However, it is important to put the ego on the shelf and track improvement over time. For example, take a rower who can hold a 200-watt average for 60 minutes at a certain average heart rate. With 6-8 weeks of disciplined training monitoring training intensity in the UT1 and UT2 zone should see improvements in average watts for the same average heart rate. There is no need to do numerous test days if training data is tracked over time and can be compared.

The concept of monitoring and evaluating progress over time will be discussed in a future section of this series of articles. For more information on heart rate zones, check out my article Are You Training In The Correct Zone?

But What About Coaches?

The same goes for coaches. First, impulse control allows coaches to stay focused on their goals and to make thoughtful, well-considered decisions. This is important because coaches are responsible for their athletes’ development and performance, and their decisions can significantly impact their athletes’ success.

Impulse control helps coaches manage their emotions and to avoid becoming too high or too low emotionally. Coaches are typically under a lot of pressure, and it’s easy to become overwhelmed by the demands of the job. Impulse control allows coaches to stay composed and to make rational decisions even in challenging situations.

I can think of a couple of situations during my coaching career where I could have handled my emotions better. These situations usually occurred during periods of high stress or the end of the season or semester. Typically, I don’t sleep well in hotels and that fact coupled with a long drive with a trailer or on the team bus while managing athletes during a two day regatta can put you in a tough spot. Ultimately, our athletes and students look and observe how we handle challenges. If we model good behavior when challenges occur we can expect to see that behavior in those that we serve.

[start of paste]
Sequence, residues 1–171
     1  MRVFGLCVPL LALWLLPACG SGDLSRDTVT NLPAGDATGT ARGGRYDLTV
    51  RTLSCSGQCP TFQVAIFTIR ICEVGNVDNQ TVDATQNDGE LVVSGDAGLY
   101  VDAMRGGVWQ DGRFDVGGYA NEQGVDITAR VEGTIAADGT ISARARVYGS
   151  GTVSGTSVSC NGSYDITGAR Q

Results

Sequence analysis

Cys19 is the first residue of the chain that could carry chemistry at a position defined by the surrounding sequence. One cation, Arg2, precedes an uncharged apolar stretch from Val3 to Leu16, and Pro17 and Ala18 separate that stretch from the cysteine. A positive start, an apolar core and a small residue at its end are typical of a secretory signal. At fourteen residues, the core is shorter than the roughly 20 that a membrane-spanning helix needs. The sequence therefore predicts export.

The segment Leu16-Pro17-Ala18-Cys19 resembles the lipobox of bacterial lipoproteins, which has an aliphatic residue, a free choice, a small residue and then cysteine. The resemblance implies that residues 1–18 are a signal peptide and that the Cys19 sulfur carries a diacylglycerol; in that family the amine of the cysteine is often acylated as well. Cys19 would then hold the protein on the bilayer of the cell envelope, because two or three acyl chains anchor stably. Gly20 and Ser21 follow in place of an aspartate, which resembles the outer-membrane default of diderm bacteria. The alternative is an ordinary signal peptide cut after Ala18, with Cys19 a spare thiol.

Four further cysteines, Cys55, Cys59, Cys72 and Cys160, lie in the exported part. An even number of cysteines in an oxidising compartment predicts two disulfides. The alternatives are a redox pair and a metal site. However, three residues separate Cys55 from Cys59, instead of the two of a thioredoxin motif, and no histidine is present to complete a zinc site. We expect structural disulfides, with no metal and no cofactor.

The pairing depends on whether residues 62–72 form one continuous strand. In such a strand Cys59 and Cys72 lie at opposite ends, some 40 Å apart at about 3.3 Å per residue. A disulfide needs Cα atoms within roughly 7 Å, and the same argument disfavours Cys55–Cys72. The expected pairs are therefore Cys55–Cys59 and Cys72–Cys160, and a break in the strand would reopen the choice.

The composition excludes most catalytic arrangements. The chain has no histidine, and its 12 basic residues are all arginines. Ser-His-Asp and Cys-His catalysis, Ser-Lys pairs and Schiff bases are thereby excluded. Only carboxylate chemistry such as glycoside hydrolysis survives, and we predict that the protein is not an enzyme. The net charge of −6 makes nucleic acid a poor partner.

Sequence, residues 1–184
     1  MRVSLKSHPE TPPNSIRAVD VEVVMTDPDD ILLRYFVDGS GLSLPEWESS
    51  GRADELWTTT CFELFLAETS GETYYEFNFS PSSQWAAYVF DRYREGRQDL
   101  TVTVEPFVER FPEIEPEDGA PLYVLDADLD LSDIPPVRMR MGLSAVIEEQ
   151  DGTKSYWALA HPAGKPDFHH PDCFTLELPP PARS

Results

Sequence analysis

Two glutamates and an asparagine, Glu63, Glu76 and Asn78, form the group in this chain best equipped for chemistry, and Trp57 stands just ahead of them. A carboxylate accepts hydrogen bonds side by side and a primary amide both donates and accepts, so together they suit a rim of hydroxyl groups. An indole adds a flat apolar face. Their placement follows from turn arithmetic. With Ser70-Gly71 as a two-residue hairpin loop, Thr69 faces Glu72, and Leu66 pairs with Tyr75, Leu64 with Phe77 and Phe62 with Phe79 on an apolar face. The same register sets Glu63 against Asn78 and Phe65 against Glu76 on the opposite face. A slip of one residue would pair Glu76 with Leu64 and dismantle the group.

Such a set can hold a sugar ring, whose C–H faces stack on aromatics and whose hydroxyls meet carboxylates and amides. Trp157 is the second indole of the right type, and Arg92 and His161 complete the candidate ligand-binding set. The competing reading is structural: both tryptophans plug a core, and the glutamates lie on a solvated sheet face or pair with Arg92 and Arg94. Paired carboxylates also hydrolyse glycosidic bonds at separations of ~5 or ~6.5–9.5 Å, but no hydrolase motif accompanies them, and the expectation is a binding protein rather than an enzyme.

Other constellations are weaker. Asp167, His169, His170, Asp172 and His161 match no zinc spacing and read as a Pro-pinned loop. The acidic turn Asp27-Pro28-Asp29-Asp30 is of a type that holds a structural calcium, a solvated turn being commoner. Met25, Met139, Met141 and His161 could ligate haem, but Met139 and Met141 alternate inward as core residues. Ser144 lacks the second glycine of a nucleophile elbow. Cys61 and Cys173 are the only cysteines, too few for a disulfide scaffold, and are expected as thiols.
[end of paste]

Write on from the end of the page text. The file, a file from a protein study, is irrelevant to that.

You might like my article The First Thing To Say After “Locking Horns” With An Athlete for a look at how I manage crucial conversations with my athletes.

Another core component of executive function for rowers is needing emotional control to maintain a positive mental state during long and grueling practice and racing sessions. Rowing is a sport that requires a high level of physical and mental endurance, and emotional control is essential for managing the demands of the sport.

Emotional control allows rowers to stay calm and composed under pressure and avoid emotionally getting too high or too low. For example, if a rower feels nervous before a race, emotional control allows them to manage their nerves and focus on the task. Similarly, if a rower feels elated after a good performance, emotional control allows them to stay level-headed and maintain a sense of perspective. You might like to have a look at my worksheet Identifying Stressors which allows analysis of the triggers that cause stress and provides structure to identify strategies to handle these types of situations better.

Emotional control also allows rowers to maintain good team dynamics and avoid conflicts with teammates. For example, if a rower feels angry or frustrated with a teammate, emotional control allows them to manage those feelings and communicate effectively with the team.

I can think of several situations in my coaching career when I acted in ways that let my emotions get the better of me. I learned over time to keep a level head and model that for the student-athletes who look up to me.

Athletes are very perceptive. It’s often not what you say, but your body language communicating your feelings. I looked for online courses that allowed me to understand how I communicated with my body language. This professional development has enabled me to project more confidence when I teach/coach, or speak during presentations. Additionally, I now communicate more effectively and better with people both in the classroom and at the boathouse.